The River Thames is busy with small boats in this topographical view, dominated by Old Westminster Bridge and including Westminster Abbey in the distance. The bridge seen in this engraving was designed by Swiss architect Charles Labelye (1705-1781) and was built between 1739 and 1750. It had 13 large semi-circular arches and two small arches, made of Portland stone. By the mid-19th century the bridge was in need of replacement. A new Westminster Bridge, designed by civil engineer Thomas Page (1803-1877), was opened in 1862. Page’s design is still in use today.
This view is the first of a series of five plates titled ‘Panorama of the Thames from Westminster Bridge to London Bridge’, published in 1749. When fitted together, the individual plates create an impressive panoramic view of London. The key to the most important buildings illustrated, seen below the images, continues across all five prints.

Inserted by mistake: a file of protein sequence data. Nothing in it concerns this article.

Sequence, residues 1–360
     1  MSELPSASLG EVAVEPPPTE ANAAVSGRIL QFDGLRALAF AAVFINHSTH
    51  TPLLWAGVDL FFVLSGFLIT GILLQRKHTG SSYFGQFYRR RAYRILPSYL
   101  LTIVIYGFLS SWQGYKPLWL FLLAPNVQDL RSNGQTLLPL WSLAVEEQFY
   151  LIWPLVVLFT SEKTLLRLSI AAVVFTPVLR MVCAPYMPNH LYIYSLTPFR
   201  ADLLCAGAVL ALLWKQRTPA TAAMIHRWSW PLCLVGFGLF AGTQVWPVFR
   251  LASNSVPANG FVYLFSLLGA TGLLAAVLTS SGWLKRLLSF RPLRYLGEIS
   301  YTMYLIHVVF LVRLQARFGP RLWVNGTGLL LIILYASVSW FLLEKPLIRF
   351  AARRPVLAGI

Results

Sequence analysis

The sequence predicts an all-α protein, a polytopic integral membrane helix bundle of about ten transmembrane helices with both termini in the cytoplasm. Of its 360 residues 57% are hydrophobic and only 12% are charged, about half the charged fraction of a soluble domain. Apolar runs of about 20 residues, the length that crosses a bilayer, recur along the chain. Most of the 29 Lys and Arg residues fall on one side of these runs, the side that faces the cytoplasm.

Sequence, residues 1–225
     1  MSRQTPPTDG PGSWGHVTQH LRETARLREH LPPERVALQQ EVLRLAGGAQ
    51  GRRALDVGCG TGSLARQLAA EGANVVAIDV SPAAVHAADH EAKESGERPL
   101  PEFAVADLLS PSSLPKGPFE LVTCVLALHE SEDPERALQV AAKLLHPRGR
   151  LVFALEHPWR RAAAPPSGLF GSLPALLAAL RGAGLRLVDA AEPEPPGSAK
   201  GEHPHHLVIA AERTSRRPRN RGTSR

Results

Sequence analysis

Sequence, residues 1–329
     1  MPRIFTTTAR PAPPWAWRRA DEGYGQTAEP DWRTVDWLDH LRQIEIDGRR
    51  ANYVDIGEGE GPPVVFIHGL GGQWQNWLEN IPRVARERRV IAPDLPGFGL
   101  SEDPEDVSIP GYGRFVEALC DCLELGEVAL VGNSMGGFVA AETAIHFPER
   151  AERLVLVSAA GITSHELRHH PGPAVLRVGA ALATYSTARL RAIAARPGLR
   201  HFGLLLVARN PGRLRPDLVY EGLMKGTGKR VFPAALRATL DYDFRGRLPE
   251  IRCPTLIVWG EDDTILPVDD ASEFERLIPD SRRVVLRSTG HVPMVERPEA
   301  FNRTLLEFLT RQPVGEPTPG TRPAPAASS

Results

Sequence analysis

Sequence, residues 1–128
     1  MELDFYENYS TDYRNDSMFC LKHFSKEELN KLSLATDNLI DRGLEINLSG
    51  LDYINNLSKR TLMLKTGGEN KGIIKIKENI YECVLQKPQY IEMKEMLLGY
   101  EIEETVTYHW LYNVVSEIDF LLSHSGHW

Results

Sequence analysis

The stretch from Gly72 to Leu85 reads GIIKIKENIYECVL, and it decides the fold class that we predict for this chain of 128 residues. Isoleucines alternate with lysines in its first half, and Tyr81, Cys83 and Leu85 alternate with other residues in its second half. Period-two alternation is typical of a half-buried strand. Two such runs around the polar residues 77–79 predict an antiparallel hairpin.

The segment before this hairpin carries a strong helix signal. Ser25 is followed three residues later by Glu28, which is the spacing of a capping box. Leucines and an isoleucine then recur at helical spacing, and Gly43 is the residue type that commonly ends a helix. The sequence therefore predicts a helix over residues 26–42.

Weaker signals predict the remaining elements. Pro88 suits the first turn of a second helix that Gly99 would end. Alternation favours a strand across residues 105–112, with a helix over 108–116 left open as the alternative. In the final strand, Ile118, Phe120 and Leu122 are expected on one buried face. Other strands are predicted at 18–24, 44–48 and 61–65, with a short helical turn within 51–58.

‘Westminster Bridge to the Treasury’ was drawn ‘from Mr. Scheve's Sugar House’, indicating that it was made from the roof of a sugar refinery, located opposite York House, a mansion on the Strand which faced the Thames. Both York House and the Sugar House have since been demolished.
Brothers Samuel and Nathaniel Buck were the leading British topographical draughtsmen and engravers of the 18th century. They produced several hundred drawings and engravings, including 87 ‘Prospects’ of England and Wales. The engravings are important visual records of the appearance of British urban landscapes prior to the Industrial Revolution. In many cases, the places depicted have since disappeared or changed beyond recognition. Their dedication in recording almost every corner of the country has left modern viewers with an invaluable record of Britain’s past. As demand for their prints fell away, Nathaniel took over a furniture business, while Samuel tried several professions, including teaching draughtsmanship and cleaning pictures.
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